Marquitta Mitchell, District Magnet Specialist, Charlotte-Mecklenburg Schools:

…And learning should be enjoyable — for both teachers and their students. Here are a couple of ways I helped my students build up a craving for learning:

  • Each day in my classroom was a new day, and I constantly communicated that to my students. I wanted them to know it was normal to experience obstacles, and it was possible to start each day with a clean slate. I taught students who came from all kinds of challenging out-of-school situations — abuse, neglect, parents who were overbearing and parents who were nonexistent, gang affiliations and immigration challenges — but they were all rock stars in our classroom who had the freedom to keep pushing for excellence. Whatever issues they encountered before they stepped through the threshold of our classroom would not be held against them, and it was okay to put the past in the past.
  • Every assignment had a purpose, and with that came plenty of opportunities for students to gain understanding of something new. I never believed in assigning busy work. That is the fastest way to kill students’ engagement. I wanted them to be surprised, maybe even shocked, when they walked through the door, excited at what they would experience each day. I oftentimes changed the seating, started with a mystery we would work to solve (PBL style), or provided them with some opportunities to choose how they would learn for the day. I was ecstatic to teach them new things, and my excitement oftentimes rubbed off onto my students.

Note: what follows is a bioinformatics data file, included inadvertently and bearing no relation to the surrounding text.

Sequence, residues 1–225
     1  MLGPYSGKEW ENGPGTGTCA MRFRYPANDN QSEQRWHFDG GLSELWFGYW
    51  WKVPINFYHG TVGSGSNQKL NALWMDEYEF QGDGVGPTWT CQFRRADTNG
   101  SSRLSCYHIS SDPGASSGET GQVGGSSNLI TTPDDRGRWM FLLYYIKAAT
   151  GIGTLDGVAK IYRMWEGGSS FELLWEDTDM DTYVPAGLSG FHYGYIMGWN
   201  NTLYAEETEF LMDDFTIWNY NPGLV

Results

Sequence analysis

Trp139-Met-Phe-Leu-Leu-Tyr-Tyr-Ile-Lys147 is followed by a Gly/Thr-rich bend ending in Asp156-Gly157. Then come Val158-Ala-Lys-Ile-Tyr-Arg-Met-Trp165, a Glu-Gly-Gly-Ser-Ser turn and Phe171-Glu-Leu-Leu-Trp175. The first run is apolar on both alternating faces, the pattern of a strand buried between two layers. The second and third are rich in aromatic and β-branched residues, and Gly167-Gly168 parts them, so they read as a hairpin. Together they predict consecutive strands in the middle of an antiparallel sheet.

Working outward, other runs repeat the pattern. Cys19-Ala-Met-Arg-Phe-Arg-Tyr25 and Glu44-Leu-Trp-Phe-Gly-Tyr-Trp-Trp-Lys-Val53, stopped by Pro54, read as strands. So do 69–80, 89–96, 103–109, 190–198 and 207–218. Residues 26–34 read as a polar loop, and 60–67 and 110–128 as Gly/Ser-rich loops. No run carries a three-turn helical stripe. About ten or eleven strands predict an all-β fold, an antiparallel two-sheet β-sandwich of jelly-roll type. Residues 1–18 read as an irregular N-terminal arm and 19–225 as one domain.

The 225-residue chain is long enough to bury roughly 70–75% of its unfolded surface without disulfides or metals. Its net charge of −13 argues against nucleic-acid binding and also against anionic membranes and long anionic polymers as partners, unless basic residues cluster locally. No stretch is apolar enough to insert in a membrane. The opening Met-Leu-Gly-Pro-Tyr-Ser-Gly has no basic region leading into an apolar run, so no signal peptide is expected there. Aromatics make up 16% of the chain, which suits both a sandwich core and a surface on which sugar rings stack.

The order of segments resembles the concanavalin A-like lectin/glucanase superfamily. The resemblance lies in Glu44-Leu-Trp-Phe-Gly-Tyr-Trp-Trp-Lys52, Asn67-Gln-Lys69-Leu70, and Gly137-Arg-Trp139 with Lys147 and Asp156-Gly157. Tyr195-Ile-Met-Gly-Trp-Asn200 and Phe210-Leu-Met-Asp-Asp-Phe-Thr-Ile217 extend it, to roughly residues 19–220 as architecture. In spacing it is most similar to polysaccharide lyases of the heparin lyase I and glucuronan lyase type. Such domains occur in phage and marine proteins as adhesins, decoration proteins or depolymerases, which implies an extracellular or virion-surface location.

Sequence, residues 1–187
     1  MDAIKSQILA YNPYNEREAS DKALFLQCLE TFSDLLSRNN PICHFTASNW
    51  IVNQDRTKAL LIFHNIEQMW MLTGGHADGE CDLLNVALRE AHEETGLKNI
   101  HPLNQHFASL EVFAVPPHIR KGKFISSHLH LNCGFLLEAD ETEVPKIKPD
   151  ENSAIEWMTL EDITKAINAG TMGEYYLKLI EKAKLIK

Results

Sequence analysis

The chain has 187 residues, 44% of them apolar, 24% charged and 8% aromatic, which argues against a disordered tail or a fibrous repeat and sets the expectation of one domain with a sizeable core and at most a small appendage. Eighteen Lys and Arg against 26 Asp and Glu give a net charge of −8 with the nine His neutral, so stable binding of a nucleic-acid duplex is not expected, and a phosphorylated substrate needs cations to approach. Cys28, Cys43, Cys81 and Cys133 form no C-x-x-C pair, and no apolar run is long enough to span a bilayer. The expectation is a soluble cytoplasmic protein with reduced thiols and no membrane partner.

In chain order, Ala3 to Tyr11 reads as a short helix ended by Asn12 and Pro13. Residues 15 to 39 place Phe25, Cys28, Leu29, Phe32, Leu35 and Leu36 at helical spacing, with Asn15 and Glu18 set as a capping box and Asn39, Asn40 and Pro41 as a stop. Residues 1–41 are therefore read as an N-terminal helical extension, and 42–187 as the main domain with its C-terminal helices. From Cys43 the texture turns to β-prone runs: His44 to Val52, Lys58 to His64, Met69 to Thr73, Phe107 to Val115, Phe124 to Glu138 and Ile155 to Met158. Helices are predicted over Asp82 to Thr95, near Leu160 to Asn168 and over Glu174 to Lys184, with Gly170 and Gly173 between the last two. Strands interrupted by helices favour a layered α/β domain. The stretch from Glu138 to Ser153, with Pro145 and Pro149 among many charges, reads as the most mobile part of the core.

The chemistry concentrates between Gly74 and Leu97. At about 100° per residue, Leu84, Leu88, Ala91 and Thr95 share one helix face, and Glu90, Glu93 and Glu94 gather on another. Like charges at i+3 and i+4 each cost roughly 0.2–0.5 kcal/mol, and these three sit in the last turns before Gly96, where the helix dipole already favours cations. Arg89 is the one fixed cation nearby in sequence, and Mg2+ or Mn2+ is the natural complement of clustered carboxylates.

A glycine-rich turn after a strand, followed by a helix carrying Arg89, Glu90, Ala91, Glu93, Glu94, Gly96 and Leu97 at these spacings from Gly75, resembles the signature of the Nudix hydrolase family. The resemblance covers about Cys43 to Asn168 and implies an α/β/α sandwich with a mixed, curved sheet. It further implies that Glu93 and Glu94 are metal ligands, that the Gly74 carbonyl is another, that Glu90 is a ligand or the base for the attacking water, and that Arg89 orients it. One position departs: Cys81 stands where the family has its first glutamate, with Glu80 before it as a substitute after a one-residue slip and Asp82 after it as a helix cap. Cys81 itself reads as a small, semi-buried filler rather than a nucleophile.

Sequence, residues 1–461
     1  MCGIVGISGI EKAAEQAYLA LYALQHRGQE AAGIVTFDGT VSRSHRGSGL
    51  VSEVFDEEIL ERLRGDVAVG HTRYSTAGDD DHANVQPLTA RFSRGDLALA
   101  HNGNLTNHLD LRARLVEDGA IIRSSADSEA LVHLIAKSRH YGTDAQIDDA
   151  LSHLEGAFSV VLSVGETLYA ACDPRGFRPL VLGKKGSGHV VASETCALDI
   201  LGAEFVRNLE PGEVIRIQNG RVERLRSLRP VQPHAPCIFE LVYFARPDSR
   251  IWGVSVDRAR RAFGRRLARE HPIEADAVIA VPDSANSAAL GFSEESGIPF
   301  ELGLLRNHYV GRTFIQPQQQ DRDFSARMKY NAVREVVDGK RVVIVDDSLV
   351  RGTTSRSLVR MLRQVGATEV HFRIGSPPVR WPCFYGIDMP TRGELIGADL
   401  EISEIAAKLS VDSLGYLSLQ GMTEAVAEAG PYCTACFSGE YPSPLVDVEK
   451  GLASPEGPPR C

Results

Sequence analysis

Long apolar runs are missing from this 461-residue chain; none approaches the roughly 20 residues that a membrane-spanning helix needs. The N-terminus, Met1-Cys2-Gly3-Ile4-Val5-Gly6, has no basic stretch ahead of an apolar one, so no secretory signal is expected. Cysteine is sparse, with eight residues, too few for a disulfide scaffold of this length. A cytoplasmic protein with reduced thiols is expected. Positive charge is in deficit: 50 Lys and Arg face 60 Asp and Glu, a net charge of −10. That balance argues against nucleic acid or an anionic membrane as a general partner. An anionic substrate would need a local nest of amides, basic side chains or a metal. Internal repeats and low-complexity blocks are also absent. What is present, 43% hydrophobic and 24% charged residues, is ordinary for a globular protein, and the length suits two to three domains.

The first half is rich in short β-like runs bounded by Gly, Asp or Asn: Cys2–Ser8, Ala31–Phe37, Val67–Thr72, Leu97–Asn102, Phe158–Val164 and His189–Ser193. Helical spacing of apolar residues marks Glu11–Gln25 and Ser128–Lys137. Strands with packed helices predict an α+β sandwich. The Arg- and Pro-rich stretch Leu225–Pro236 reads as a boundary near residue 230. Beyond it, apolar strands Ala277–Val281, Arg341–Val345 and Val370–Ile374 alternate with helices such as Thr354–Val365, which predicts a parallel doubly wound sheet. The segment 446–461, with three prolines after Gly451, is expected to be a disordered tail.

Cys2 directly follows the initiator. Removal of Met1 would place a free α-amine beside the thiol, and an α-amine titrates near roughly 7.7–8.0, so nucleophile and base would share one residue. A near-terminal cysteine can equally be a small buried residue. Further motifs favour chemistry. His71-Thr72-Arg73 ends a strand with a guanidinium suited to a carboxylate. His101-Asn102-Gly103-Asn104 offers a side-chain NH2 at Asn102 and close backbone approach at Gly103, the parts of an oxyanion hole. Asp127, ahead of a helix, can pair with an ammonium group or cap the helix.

• Because it was important to me that students progressed in their learning, I made it a point to check in with them regularly, both individually and as a whole class. From those conversations, I knew when the lessons were moving too fast or too slow, and I got to hear students’ true feelings about the education they were receiving. Those individual conversations provided opportunities to talk to students about their data, how I could provide additional help, and ways they could improve. The check-ins reinforced that I greatly valued their input, and that I wasn’t planning to leave them out of their educational journey.

Many times, teachers are told to increase the rigor, increase the number of assignments, and increase the number of students in their classes. All of these circumstances can contribute to teachers turning what could be an incredible opportunity for engaging in inquiry and collaboration into a boring and sometimes rushed classroom experience. 

With intention and time, however, teachers can create what Max rightly requests — “a welcoming learning environment for students.”

Marquitta Mitchell

Marquitta Mitchell is a Magnet Programs Specialist for Charlotte-Mecklenburg Schools and a Hope Street Group fellow. She has two bachelor degrees from North Carolina State University and a Master of Arts in English from National University. She has been an educator in the Charlotte-Mecklenburg Schools district for 11 years.

Max Fennell

Max Fennell is a student in Charlotte-Mecklenburg Schools.